LAKE BUENA VISTA, Fla. -- If Ronald Acuna Jr. keeps this up, Chipper Jones might not be the only Braves player to be honored in Cooperstown this summer.While this obviously isn't true, Acuna has already drawn a potential Hall of Fame projection from Ralph Garr, the beloved former Atlanta outfielder
LAKE BUENA VISTA, Fla. -- If Ronald Acuna Jr. keeps this up, Chipper Jones might not be the only Braves player to be honored in Cooperstown this summer.
While this obviously isn't true, Acuna has already drawn a potential Hall of Fame projection from Ralph Garr, the beloved former Atlanta outfielder who played with Hank Aaron and then spent a few decades serving as a scout within the organization. He has spent this week with the Braves serving as a guest instructor.
"If I put [the 20-year-old] Aaron and Acuna side by side, I think they would do the same thing," Garr said. "Unless he gets injured or something, I think he has a chance to be in the Hall of Fame. I really do. But you can't put them ahead of the game. You've got to let them grow."
As Acuna has spent the past month experiencing his first big league camp, he has routinely turned heads and arguably exceeded the expectations set as he established himself as one of the game's elite prospects last year. The 20-year-old phenom added to his growing legend when he drilled another impressive home run during Thursday's 8-1 win over the Tigers at ESPN's Wide World of Sports complex.
"I was actually looking down and spitting today when he hit that ball, and it was like that scene from 'Moneyball' when [Billy Beane's character] was inside the weight room and all of a sudden he heard it and looked up and knew," Atlanta pitcher Mike Foltynewicz said.
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"[Today] you could see the ball and you saw the kids running on the berm to get the ball, and you're just thinking, 'Good for him.'"
Acuna's two-run homer off Tigers right-hander Mike Fiers was a no-doubter off the bat that landed halfway up the left-field berm. The five-tool outfielder, who is ranked as baseball's No. 2 prospect by MLB Pipeline, has homered three times while going 14-for-25 (.560) dating back to his final two at-bats during a Feb. 28 game against the Mets.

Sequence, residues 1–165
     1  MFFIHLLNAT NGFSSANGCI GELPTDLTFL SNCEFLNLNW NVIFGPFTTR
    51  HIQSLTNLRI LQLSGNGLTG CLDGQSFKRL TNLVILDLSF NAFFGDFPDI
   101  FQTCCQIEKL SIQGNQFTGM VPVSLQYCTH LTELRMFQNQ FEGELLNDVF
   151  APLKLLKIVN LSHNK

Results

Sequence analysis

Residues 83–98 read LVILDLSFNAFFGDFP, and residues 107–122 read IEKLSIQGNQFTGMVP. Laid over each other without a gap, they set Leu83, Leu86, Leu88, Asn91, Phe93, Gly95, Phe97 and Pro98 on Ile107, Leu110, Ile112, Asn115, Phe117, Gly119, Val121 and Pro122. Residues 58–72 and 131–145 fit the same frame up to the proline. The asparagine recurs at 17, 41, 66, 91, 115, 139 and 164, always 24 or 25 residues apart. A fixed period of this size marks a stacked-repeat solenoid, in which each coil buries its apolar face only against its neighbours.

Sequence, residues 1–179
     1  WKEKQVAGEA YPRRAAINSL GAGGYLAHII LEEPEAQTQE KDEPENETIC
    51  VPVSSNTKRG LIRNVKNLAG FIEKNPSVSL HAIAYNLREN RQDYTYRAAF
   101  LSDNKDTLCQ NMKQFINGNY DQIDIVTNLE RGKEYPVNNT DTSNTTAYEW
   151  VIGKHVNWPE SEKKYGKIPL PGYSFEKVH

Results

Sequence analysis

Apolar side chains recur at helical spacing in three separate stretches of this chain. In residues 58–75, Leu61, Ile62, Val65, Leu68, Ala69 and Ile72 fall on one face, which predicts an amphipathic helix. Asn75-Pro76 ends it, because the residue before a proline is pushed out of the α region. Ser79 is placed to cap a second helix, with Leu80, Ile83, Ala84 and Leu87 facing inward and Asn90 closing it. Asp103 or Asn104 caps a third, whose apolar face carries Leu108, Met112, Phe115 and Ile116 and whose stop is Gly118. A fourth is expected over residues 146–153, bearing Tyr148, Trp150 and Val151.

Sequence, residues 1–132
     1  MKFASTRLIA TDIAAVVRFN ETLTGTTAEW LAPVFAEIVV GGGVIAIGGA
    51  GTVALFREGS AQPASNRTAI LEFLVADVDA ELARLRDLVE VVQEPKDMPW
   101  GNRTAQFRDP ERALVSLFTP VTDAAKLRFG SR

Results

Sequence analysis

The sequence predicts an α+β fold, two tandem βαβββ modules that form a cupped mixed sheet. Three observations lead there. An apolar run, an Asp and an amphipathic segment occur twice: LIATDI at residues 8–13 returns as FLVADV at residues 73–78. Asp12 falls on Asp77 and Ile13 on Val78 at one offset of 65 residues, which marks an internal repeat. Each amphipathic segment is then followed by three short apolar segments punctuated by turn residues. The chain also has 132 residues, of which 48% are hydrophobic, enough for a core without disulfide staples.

"He's a special player," Braves manager Brian Snitker said. "There's no doubt about it. You can see that when you watch him. He's just doing what comes natural. He's not trying to be great. He's just doing his thing."
Though Acuna has provided every indication he is ready to make the leap to the Majors, Atlanta will still likely secure an extra year of contractual control by waiting until at least April 13 to provide him his much-anticipated big league debut.
As a scout, Garr saw Alex Rodriguez and Ken Griffey Jr. as high school stars. He also closely monitored the progress that Chipper Jones and Andruw Jones made as they made their way through the Braves' system as highly touted prospects.
Once Acuna arrives on the scene, he has the potential to make an immediate impact and gain status among the game's elite.
"I put him in the same class as the [Mike] Trouts and the [Bryce] Harpers," Garr said. "They're special people. Some people are just gifted. God just seemed to bless people with special talents, and they're able to stand a little above the norm. But you never know what's going to happen, and you can't say until he has the chance to do it. He has 20 years or so to see how well he does."
Mark Bowman has covered the Braves for MLB.com since 2001.